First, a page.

Universal Music’s Answer To Piracy Is Monopoly
Refe Tuma is a writer, thinker and strategist with a passion for the new music industry. Follow Refe on Twitter to join the conversation, with topics ranging from economic theory to social media.
Universal Music Group seeks to merge with EMI to create a super-label monopoly so big that even piracy can't stand in its way. What does this mean for innovative digital music services, and for listeners? (Hint: nothing good.)
I came across a fascinating statement in an article covering the proposed merger between Universal, the word's largest record label, and third largest label EMI:
"No one at Universal wants to go on the record but those close to the company have a clear message … they argue that Universal-EMI's 40% share and pricing power aren't the real issues when there is rampant piracy, an abundance of free music on the internet, and Apple, Google and Amazon have muscled onto their turf."
In other words, the already dominant Universal believes it needs a monopoly in order to survive the digital economy. At first glance, this seems like quite a leap. How could piracy and free music possible justify the monopolization of the majority of the world's music catalog? I wasn't sitting in the board room that day, but I think I can shed some light on how Universal got from point A to point B:
Inside the Universal Music Group war-room:
Monopolies are not good for free markets. Why? Because they prevent prices from adjusting naturally to changing supply and demand. They prevent market disruption by eliminating competition and creating an environment that is hostile toward entrepreneurship and innovation. That is exactly what Universal wants.
Solving the digital music problem?
According to their logic, piracy and digital file sharing have already destroyed the supply-demand balance. Even though demand for music has remained steady throughout the industry's transition to a primarily digital market, prices have dropped substantially or disappeared all together. Digital distribution allows for infinite copies of an album or track to be produced, and it is impossible for demand to catch up. The market needs a monopoly that has the power to exert control over prices so that digital music can remain a viable product.
Economically speaking, there isn't a straightforward solution to the infinite-supply problem. Generally, when there is excess supply of a product, production would slow or stop. Nobody wants that to happen with music – not musicians, not listeners, and certainly not Universal and the other labels! Only an artificial metering of supply could drive prices back up, assuming that demand remains constant… which happens to be exactly what monopolies are designed to do. Ah, corporate logic.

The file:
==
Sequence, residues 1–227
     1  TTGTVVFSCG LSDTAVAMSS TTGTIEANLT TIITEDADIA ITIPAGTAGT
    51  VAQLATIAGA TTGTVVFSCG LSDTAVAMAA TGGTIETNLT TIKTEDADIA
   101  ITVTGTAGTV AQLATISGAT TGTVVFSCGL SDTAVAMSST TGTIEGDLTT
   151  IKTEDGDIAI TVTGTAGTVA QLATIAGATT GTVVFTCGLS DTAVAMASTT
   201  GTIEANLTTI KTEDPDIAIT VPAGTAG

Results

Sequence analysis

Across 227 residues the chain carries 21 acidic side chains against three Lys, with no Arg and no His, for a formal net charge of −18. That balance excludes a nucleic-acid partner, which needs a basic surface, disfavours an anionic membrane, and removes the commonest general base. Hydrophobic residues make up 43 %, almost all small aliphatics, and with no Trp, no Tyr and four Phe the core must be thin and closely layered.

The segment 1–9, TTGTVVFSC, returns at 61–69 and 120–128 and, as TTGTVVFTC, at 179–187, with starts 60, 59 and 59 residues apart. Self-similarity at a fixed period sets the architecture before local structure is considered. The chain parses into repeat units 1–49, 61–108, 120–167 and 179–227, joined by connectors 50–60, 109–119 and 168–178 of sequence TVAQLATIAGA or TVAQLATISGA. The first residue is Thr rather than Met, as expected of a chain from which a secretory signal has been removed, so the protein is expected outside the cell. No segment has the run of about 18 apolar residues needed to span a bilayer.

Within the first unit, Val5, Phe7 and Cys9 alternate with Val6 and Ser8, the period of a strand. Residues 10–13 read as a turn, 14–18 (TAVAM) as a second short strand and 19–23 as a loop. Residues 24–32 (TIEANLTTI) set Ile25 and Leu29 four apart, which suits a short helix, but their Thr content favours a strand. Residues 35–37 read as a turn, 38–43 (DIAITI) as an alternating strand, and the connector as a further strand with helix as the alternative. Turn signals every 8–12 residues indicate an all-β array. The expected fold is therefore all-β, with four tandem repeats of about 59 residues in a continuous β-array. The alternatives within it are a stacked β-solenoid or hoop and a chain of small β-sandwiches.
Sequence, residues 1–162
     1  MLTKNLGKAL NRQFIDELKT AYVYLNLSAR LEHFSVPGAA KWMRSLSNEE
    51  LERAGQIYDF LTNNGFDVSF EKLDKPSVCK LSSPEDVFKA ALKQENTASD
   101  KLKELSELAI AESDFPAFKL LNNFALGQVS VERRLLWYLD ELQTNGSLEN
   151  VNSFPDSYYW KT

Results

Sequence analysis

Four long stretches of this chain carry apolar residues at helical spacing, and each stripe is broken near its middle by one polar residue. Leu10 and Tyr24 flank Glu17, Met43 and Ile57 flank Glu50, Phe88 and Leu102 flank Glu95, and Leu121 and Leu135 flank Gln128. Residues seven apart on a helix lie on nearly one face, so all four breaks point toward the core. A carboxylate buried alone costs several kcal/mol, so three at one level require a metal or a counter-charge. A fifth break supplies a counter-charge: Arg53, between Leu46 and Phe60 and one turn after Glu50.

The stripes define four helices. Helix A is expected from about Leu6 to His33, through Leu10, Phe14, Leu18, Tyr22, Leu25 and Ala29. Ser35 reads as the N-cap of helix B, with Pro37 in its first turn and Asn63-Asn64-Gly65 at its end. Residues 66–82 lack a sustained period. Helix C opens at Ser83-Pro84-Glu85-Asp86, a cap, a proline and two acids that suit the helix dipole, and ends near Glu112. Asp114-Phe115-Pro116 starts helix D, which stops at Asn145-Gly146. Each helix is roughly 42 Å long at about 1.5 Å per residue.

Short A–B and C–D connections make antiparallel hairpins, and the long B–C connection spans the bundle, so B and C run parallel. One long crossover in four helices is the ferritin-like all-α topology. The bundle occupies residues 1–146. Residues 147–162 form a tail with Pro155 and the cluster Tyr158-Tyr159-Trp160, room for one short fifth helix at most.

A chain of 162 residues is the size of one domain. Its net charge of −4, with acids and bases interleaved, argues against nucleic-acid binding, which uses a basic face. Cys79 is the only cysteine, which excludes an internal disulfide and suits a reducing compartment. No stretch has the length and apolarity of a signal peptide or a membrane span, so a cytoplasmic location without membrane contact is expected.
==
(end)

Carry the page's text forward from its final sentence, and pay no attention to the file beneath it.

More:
Of course, even if you buy Universal's reasoning there are big problems with this plan. It would certainly have unintended consequences, and could even backfire entirely by resulting in even more file sharing and piracy of the label's catalog.
Monopoly and innovation
The first thing that a Universal-EMI super-label would probably do is to raise the already steep royalty fees for online music services like Pandora and Spotify. Universal has already set a precedent for this. In 2011 it tried to shut out French streaming site Deezer from using its catalog. The Paris high court decided against Universal, and their ruling is telling:
"The refusal to supply the catalogue, following the refusal to accept the conditions of Universal, which differed from those contained in previous contracts and in contradiction with the commitments made during the agreement of January 2011, constitutes in itself an abuse of a dominant position […]
"It cannot be contested that Universal's catalogue is most important from both a quantitative and a qualitative perspective, as it contains 50% of the Top 100 titles. It can therefore be considered as an essential and thus indispensable element for the size and coverage of the platform."
If Universal had a dominant position then, imagine the influence they would have after acquiring EMI! This is not good news for streaming services, or any of the other innovative music services out there today. Streaming business models have already proven difficult to sustain under current rates; if those rates increase the Pandoras and Spotifies of the world will find themselves in a very precarious spot.
Pouring gasoline on the fire
This is obviously bad news for listeners, but as I mentioned above it would likely come back to bite Universal and EMI as well. If recent history has taught us anything, it is that if listeners can't find the music they're looking for on legitimate platforms they are more than happy to download it from wherever they can find it.
"Restricting innovation in the digital music space will actually increase the amount of infringement, by (1) making it unprofitable for most companies to be in that space and (2) limiting true innovation and the necessary competition among services that leads to the kind of new innovations that consumers want. Instead, it'll just drive them to go back to what works: open infringement." – Techdirt.
A super-label would not only fail to accomplish its own stated goals, it would be disastrous for the digital music industry as a whole. If recorded music is going to remain a viable product (or re-emerge as one, depending on how you ask) it will take legitimate, innovative solutions. That will be more difficult than ever to accomplish under a monopoly like the one Universal and EMI are proposing.